Here’s something you probably already know: Your bank is making a lot of money on you. You probably never think about this because it’s such a baked-in part of your reality. Most of us weren’t brought up with the expectation that we should make money on the cash we deposit into our banks, meanwhile, our bank is using our money as a huge source of revenue. But that’s just how banking works, right? Perhaps at one time, yes — but not necessarily anymore.
Once upon a time, the benefits of signing up with your then-new bank might have seemed promising enough: free cash bonus for opening a checking and savings account, an introductory higher interest rate, etc. Or maybe your bank became your bank because it was your parents’ bank, or it just happened to be closest to where you lived when you were in high school. So you opened an account and never thought about it hard enough to think about changing it, just accepting whatever you disliked about it along the way; you’ve stuck with your bank more as a result of inertia than loyalty or satisfaction. That’s what most of us did. Until we realized we could expect more. And then…we had some questions for our banks.
And it makes sense to ask your bank the hard-hitting questions. Why wouldn’t you? It’s your money we’re talking about.
Even aside from thinking about what kind of financial institution is going to help you best plan for your near- and long-term goals, what about just your day-to-day life? Your daily cash operation is the glue of your whole lifestyle. You may even log into your checking account every morning, before you actually exchange words with another human being. Or maybe you rarely check your bank account, which means you need a bank you can trust even more. Maybe you use the ATM all the time or maybe you never touch cash. You like to be in control of your finances, but how many of us are really thinking critically about what our banks do (and don’t do) for us?
In the United States, most consumers are so acquainted with the traditional bank that news about banking can crackle like background noise for any of us who don’t work on Wall Street. We’re living our lives, not babysitting our banks, even when we know they probably deserve a little babysitting. As of 2018, banks were seeing record profits while distributing fewer loans. Some of those banks are still recovering from scandals and big executive departures that have rocked their reputations but didn’t dent their profits.
With banks, most of us vaguely know they’re…not the best, and yet we stick with them. Because it’s just what we’ve always done.
But that is changing. High-yield savings options, like the Wealthfront Cash Account, are attracting consumers for a reason: people want better options for saving and growing their money. Consumers want what banks aren’t giving them: transparency about the economics of their account, higher interest rates, fewer fees, and more flexibility. Technology-driven options like Wealthfront are more fluid and customizable based on factors like income level, life stage, goals, and macro economic factors in ways that the one-size-fits-all bank never have been. And even when these new options aren’t prompting people to flat-out leave their banks, it’s provoking them to ask more critical questions, some of which, banks likely aren’t too thrilled to be getting.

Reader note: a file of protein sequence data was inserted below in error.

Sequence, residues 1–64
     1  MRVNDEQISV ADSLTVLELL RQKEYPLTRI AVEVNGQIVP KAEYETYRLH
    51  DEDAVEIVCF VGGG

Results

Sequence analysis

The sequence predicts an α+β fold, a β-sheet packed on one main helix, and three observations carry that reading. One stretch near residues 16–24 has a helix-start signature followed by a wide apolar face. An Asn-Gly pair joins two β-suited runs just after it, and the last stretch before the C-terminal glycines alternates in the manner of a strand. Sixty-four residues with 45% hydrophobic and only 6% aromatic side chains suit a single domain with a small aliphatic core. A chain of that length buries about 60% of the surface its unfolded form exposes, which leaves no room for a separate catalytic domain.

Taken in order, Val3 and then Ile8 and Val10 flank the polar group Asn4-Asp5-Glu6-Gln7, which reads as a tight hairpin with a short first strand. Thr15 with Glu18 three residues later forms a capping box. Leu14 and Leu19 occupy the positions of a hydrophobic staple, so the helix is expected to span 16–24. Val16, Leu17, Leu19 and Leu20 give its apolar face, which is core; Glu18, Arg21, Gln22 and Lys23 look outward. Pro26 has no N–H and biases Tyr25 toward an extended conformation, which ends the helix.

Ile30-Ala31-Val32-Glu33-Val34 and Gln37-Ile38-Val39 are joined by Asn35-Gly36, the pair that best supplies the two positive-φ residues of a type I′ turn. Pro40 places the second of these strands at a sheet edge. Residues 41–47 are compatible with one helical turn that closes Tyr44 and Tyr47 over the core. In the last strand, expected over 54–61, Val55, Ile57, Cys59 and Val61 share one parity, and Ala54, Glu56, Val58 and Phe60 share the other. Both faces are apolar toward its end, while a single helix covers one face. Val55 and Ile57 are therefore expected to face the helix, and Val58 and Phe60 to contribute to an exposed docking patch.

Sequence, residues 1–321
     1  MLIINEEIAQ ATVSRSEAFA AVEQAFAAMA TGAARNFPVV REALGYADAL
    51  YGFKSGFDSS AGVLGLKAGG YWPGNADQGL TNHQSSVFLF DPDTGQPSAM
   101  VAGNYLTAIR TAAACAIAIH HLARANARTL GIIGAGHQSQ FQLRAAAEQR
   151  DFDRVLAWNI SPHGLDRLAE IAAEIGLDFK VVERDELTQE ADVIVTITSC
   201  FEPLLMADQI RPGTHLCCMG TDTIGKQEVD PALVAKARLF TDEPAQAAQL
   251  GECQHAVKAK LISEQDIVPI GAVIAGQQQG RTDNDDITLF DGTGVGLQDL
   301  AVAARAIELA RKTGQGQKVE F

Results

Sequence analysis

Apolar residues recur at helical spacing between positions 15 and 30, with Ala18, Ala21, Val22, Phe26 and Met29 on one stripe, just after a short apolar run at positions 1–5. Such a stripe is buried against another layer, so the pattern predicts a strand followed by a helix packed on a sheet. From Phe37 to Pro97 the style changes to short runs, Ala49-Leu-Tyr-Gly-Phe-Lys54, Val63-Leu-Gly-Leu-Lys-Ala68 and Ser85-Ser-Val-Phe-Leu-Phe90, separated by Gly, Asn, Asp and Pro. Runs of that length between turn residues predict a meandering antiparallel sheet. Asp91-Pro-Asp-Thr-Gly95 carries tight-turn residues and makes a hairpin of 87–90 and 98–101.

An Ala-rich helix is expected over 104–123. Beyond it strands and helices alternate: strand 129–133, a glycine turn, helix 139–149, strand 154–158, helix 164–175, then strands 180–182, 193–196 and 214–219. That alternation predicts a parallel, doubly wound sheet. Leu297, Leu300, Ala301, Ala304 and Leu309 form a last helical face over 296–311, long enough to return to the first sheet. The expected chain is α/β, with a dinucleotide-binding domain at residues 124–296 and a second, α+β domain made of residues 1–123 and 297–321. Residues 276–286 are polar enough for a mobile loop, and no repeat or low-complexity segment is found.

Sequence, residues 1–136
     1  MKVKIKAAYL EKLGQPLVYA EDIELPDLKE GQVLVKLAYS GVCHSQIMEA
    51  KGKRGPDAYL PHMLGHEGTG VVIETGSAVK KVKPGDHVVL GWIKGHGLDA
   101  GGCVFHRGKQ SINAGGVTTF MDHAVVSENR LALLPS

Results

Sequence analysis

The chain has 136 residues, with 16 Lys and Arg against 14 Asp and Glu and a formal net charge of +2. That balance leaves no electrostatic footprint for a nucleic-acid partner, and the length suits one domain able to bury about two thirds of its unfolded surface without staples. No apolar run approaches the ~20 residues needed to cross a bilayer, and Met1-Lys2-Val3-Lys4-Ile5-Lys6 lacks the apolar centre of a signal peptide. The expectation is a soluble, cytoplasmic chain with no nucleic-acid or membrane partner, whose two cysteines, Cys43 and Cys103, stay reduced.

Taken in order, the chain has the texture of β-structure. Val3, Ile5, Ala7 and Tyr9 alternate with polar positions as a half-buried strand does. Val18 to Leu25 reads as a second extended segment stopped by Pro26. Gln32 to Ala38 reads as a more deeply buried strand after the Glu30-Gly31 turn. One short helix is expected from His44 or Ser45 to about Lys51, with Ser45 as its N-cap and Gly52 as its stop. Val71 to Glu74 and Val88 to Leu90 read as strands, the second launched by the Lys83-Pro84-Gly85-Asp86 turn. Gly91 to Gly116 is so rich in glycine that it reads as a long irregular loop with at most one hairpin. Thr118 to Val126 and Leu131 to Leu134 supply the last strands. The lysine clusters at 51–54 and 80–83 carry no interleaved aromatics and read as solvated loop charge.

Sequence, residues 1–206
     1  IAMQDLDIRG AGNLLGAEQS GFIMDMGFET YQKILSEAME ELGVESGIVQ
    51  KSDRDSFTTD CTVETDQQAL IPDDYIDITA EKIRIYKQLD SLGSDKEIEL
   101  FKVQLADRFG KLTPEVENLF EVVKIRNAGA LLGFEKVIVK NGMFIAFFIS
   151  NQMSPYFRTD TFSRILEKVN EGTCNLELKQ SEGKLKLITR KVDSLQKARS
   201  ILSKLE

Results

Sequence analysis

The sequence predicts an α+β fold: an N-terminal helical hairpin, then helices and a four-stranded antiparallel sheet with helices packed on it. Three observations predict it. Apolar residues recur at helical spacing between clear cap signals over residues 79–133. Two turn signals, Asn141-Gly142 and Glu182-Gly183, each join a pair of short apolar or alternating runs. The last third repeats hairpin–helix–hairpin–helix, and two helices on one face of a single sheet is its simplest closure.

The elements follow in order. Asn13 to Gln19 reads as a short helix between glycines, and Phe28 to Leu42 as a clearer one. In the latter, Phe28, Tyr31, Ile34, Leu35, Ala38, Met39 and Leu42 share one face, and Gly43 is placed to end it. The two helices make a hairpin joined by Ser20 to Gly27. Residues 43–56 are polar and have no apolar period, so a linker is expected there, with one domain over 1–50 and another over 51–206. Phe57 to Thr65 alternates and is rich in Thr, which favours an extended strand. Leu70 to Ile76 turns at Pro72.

Here are some examples that your long-time bank may not be too keen on answering.
1. How can I maximize my interest rate?
Compound interest is a term your bank is probably not going to throw your way. Moreover, as U.S. inflation hovers around 2%, the national average of simple interest is only 0.10% on savings accounts.** Money market accounts average between 0.08% and 0.11% APY, depending on your balance.** As a result, most interest rates with banks have a pretty hard ceiling, and traditional banks’ business models are probably not aiming to increase the rate of interest they’re paying you.
Plus, they have so much overhead cost sunk into maintaining physical branches — where do you think the money comes from? From all the interest on your deposits that they’re not passing along to you. Our lack of expensive, useless branches is one of the many ways that Wealthfront is able to keep our costs down so we can pass along more interest to you and help your cash grow faster.
2. Speaking of bank branches, why do I ever need to visit one?
OK, so you don’t want to visit a bank branch. (“We have the technology not to live like this anymore!” – everyone who’s wasted precious moments of their life in a bank line anytime in the last 5 years.) So why do banks still have them? Traditional banks insist on keeping their brick-and-mortar branches, and to justify that, they’ll often require you to show up in person for some financial needs at least occasionally. For instance, some banks set limits on the check amount you can digitally deposit, meaning you’ll need to visit a branch to do so. As people are working longer hours — and women who work outside the home shoulder a disproportionate amount of domestic work on top of their jobs — visiting a branch may be inconvenient, if not impossible. Even as more services become digitized, completely remote relationships still aren’t possible with all traditional banks.